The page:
Colorado Probation Violation Hearings – Not The Same Rights As A Trial
Colorado Probation Violation Hearings – Not The Same Rights As A Trial – It comes as a surprise to many Colorado Defendants on probation that, when and if, they are facing a complaint to violate (revoke) their probation sentence – the rights of those “probationers” are greatly reduced at the probation violation hearing.
One of the greatest possible losses to a person on a form of probation known as a deferred judgment and sentence – is when the that agreement is threated by a Colorado probation revocation proceeding.
The Colorado Deferred Judgment Law – 18-1.3-102
Colorado criminal law (§18-1.3-102) provides, if the parties agree, for a kind of contract labeled a deferred judgment and sentence. This unique “dispositional alternative” or plea bargain is very different than the traditional guilty plea agreement.
A deferred judgment and sentence works like this.. In exchange for a “continuance” of the case, the Defendant enters a conditional plea of guilty and then stipulates to “probation-like” conditions of supervision.
If the Defendant fully complies with the conditions of a Colorado deferred judgment agreement under 18-1.3-102, the previously entered guilty plea is withdrawn and the charges are dismissed with prejudice.
The Colorado deferred judgment law requires a written stipulation, signed by the prosecutor and the Defendant, setting the agreed upon conditions of the deferred judgment agreement.
“The purpose of the written stipulation is to ensure that the defendant knows prior to the entry of a guilty plea the consequences of violating the conditions of the deferred judgment and sentence.”
A deferred judgment and sentence agreement is a privilege, like probation, and not a right.
Like probation, a deferred judgment and sentence agreement may also be revoked. If that happens, the Judge enters a “judgment” – or conviction and may then impose any sentence on the Defendant’s previously entered guilty plea.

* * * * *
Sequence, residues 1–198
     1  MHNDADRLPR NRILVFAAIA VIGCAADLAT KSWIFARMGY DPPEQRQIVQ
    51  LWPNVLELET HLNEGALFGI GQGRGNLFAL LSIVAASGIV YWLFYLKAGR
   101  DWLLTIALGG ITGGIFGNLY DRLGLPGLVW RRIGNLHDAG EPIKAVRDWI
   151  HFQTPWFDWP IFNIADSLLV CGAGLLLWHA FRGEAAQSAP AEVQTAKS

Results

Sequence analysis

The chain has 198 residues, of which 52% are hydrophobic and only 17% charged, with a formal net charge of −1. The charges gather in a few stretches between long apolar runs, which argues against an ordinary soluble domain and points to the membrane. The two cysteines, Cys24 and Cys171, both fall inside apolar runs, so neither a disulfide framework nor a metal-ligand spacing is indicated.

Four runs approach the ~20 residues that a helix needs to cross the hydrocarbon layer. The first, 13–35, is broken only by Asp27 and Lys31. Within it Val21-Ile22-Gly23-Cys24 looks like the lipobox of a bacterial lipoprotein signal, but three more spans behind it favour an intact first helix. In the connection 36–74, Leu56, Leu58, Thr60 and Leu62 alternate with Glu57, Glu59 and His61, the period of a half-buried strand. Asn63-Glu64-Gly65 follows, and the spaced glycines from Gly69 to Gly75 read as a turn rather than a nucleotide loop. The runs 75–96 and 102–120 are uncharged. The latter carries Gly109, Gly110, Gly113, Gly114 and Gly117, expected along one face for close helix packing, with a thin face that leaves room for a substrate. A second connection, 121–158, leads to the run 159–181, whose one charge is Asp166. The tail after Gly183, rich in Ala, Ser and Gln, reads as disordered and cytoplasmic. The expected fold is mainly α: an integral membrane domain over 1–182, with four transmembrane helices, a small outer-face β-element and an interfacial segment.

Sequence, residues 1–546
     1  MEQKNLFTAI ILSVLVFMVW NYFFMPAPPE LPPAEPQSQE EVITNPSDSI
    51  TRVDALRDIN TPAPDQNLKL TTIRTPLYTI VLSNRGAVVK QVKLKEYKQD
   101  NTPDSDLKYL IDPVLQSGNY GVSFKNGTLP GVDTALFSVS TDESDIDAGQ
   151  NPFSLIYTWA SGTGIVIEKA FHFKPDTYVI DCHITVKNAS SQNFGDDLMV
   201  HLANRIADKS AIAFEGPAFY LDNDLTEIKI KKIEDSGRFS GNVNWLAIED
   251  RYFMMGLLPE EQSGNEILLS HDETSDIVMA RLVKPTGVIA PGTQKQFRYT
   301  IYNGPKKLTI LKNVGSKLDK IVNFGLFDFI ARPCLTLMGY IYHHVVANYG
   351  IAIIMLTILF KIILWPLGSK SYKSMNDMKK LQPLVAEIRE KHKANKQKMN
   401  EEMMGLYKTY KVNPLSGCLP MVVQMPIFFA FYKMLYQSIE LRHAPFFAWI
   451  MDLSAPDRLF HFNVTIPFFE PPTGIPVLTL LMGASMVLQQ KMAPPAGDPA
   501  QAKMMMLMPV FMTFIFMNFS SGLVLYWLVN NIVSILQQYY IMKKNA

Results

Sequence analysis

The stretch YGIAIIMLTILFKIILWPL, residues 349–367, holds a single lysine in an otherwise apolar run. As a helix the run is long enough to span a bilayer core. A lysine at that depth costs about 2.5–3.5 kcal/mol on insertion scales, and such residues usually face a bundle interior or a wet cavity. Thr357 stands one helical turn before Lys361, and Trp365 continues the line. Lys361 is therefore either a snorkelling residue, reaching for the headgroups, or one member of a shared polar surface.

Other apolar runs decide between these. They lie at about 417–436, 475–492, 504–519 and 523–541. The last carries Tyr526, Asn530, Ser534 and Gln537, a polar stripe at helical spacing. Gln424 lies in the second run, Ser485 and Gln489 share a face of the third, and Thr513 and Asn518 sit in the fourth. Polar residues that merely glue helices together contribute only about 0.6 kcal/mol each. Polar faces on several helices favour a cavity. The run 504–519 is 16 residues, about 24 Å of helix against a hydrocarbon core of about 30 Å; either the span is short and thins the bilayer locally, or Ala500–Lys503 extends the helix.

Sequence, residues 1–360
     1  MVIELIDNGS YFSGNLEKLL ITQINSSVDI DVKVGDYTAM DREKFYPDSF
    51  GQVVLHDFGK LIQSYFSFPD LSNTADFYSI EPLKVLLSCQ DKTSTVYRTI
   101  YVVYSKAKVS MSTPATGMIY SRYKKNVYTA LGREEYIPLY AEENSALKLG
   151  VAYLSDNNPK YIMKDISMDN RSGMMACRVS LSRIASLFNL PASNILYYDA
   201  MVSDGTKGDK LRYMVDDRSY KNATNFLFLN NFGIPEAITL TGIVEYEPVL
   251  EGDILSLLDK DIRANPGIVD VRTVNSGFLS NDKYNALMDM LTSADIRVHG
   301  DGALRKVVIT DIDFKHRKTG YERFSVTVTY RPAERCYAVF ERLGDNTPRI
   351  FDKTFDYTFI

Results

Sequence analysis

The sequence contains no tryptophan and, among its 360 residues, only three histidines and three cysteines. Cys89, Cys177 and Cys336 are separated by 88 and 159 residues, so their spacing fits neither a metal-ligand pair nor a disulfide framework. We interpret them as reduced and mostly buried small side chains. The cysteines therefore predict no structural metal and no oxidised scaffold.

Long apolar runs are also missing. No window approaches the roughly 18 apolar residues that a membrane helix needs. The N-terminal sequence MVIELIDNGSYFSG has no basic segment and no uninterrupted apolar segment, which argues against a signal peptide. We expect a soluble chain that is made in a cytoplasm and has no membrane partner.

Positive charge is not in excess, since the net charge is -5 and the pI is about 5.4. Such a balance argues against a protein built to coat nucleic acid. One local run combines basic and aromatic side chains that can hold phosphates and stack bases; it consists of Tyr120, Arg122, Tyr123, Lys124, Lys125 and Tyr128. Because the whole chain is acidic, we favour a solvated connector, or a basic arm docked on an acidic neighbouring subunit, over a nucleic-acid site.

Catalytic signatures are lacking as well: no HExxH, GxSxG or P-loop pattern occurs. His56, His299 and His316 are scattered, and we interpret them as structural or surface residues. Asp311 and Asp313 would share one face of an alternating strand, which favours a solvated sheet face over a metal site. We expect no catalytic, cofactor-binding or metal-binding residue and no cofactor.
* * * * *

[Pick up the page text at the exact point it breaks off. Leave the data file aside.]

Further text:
The revocation process for the revocation of a Deferred Judgment has the same procedural safeguards, (or lack of safeguards as discussed below) as a Defendant facing revocation of probation.
The Colorado Law That Provides For The Procedures Of A Colorado Probation Revocation Proceeding Is Found in Section 16-11-206
Section 16-11-206 sets the procedures at a probation revocation hearing.
At the time that a Colorado probationer is first arrested or first summoned and brought before the court – the Judge must advise the probationer that if he or she enters a guilty plea he or she waives (gives up) all other procedural rights.
If the probationer remains in custody, (does not post bond) the probation revocation hearing must be held within 14 days of the filing of the complaint.
At the probation revocation hearing The Colorado the probationer has the following “minimal” due process protections at the Colorado probation revocation hearing:
(1) written notice of the alleged probation violations;
(2) disclosure to the probationer of evidence against him;
(3) an opportunity to be heard in person;
(4) the right to confront and cross-examine adverse witnesses; and
(5) a written or oral statement on the record by the fact finder as to the evidence relied on and the reasons for revocation.
Missing Rights – Rights NOT Accorded To The Probationer At Colorado Probation Violation Hearings
Colorado courts have held that there are:
“critical differences between criminal trials and . . . revocation hearings,”
“[d]efendants in revocation proceedings are not entitled to the full range of constitutional guarantees afforded to defendants in criminal prosecutions,”
“[r]evocation deprives an individual, not of the absolute liberty to which every citizen is entitled, but only of the conditional liberty properly dependent on observance of special . . . restrictions.”
Because a revocation hearing is held for different purposes than a criminal trial, the rights extended to a probationer facing revocation are “significantly reduced” when compared to a defendant facing substantive criminal charges.